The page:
When you think about chocolate, Belgium is probably the first place that comes to mind. If so, you are not alone. In a recent article in the U.S-based Huffington Post – “16 Ways Europeans are Just Better at Life”- the one ranked number eight was Belgian chocolate. Belgium is well known for its chocolate history and its chocolate is, nowadays, a gold standard for the world. High-street brands such as Leonidas, Neuhaus and Godiva are excellent, but even those you find in supermarkets, such as Galler, are very good too.
But there are hundreds of other less-known brands and artisan chocolatiers to discover: Dumon, at Torhout, for example. It’s even listed by Gault and Millau, a bible for food lovers. As most Belgians will know, it’s impossible to walk more than a few metres in Brussels alone without bumping into an excellent chocolatier.
Chocolate is estimated to be 3,000 years old but what is it exactly that makes Belgian chocolate so famous and, in an ever-competitive market, can it stay ahead of the pack? To find out how the country earned its formidable reputation, first a little history.
Belgian chocolate history
The first trace of chocolate in Belgium dates back to 1635, when records show that some chocolate was bought by the Abbot of Baudeloo in Ghent. Towards the end of the 17th century Emmanuel Soares de Rinero (who was from Portugal or Spain) was issued a license to manufacture chocolate in Brabant.
Chocolate making was not considered a profession at the time but more of a sideline for apothecaries and merchants. As in the rest of Europe, chocolate making really took hold in Belgium in the 18th century, when several manufacturing centres sprang up in all the major cities.
At that time, chocolate was worth 15 loaves of bread, so naturally only the upper classes could afford chocolate drinks (then the most common form of consuming chocolate).
In 1912, Jean Neuhaus invented the “praline”. Three years later, his wife invented “the ballotin”, the typical chocolate box in Belgium. Both contributed to the success and reputation of Belgian chocolate as we know it today.
Chocolate appeared in the kitchen in the late 18th century in all kinds of desserts (cream dessert, cakes, biscuits etc). And when the industrialisation process got underway in the 19th century, the price of chocolate began to fall, making it more accessible.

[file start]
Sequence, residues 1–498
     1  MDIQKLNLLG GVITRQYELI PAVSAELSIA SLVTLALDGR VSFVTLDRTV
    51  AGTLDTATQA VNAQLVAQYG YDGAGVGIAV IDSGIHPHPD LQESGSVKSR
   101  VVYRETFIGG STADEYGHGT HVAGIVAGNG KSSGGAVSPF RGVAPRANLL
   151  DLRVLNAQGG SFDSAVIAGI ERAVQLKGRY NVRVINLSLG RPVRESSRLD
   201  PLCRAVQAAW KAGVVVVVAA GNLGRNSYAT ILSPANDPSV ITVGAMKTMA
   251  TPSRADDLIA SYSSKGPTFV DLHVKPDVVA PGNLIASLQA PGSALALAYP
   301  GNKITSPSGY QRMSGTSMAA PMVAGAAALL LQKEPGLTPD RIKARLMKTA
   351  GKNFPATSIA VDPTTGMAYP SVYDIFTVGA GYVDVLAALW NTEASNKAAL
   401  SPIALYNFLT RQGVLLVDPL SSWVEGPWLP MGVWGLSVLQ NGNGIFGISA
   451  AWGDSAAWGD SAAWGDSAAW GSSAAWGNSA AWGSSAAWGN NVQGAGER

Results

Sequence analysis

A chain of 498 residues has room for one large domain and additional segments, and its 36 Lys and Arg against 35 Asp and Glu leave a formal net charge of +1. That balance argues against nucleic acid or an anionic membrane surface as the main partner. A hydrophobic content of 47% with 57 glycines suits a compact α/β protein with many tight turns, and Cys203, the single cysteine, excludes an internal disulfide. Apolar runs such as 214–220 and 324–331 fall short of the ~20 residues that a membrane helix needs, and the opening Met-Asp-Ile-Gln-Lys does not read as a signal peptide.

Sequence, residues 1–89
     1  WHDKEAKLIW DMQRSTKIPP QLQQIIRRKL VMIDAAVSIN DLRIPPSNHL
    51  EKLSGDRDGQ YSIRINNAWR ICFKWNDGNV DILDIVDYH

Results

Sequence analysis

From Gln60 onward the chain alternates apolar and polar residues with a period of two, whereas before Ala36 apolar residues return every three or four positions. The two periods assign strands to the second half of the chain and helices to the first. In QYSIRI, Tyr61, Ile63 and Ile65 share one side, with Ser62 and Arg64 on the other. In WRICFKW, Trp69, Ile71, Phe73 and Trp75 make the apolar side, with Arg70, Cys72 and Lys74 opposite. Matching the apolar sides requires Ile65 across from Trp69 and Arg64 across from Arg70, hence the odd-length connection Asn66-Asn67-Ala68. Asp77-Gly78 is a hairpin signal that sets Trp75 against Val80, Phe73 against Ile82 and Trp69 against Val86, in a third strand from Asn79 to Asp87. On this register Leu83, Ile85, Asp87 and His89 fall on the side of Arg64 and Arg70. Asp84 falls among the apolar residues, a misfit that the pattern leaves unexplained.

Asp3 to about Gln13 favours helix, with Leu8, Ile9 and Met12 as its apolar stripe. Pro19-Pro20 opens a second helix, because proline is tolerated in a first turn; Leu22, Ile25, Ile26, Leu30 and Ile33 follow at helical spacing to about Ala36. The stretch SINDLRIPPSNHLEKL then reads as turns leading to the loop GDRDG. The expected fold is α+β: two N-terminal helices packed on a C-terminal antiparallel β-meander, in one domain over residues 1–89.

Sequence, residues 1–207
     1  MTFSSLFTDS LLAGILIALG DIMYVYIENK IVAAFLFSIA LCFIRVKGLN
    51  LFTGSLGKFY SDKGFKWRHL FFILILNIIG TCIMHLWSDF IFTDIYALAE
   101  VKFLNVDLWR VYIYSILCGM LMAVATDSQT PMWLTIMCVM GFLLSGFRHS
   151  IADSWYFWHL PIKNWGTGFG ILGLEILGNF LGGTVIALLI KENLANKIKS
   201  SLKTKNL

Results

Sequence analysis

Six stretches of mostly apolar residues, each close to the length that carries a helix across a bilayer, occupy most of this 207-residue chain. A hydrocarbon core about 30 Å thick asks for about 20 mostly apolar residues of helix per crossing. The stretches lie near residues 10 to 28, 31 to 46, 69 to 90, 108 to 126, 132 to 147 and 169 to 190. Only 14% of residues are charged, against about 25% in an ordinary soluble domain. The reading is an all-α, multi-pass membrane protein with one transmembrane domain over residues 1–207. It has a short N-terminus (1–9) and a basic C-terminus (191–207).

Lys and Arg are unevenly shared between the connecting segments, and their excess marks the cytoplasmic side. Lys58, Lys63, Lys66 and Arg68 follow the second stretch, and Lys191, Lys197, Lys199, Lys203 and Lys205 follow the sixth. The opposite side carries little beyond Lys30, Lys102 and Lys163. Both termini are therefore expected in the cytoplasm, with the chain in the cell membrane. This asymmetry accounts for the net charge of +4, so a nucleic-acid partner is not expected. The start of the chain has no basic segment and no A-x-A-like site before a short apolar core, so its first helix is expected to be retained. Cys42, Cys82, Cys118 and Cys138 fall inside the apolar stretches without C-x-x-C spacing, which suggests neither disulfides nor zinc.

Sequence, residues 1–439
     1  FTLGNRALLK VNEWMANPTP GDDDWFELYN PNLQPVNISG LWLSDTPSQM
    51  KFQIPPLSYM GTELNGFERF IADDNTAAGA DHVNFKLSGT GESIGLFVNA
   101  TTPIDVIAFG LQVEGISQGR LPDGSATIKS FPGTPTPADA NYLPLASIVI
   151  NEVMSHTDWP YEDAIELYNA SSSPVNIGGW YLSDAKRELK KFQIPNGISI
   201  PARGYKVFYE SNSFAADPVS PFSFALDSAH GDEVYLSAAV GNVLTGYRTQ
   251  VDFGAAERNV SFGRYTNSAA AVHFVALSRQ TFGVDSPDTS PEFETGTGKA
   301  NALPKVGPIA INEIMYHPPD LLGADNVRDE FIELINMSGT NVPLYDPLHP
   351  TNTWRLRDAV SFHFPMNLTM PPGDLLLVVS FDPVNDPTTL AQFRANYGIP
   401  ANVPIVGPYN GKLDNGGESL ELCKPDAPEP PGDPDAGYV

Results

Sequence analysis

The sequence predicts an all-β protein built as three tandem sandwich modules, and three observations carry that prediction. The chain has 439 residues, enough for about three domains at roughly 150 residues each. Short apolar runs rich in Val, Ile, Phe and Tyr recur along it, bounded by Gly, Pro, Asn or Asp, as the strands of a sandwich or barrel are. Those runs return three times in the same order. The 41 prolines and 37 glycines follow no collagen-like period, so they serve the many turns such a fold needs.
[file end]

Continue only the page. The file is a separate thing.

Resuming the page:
For Belgian chocolate, 1912 was a very significant milestone: that year Jean Neuhaus (often referred to as Belgium’s most famous chocolatier although he was actually born in Switzerland) invented the “Praline” (a filled chocolate bonbon and a Belgian specialty) in Brussels. Three years later, his wife invented “the Ballotin”, the typical chocolate box in Belgium.
Leading producer of chocolate
Fast forward to the present and, with over 2,000 chocolate shops throughout the country, the reputation of Belgian chocolate remains as high as ever.
Belgium has the world’s biggest chocolate factory at Wieze in East Flanders. Brussels Airport is said to retail the most chocolate of any airport in the world. The country also supplies 20 per cent of the world’s industrial chocolate.
There’s even a chocolate academy in Wieze, opened in 2014 by Callebaut, the renowned chocolate maker, on the same spot where it started producing its first chocolate over 100 years ago. It offers pastry, confectionery, bakery and culinary workshops.
Callebaut is the largest importer of cocoa nibs and processes most of the beans into untempered chocolate for distribution in Belgium. For the uninitiated, untempered chocolate dries slowly, does not harden fully and has a dull blotchy finish. Tempered chocolate hardens to a glossy and firm finish.
It is estimated that the chocolate sector in Belgium represents 10.4% of global turnover. Overall, the Belgian chocolate, praline and confectionery industry comprises 332 companies, supports 11,900 jobs and has an annual turnover of some €5 billion.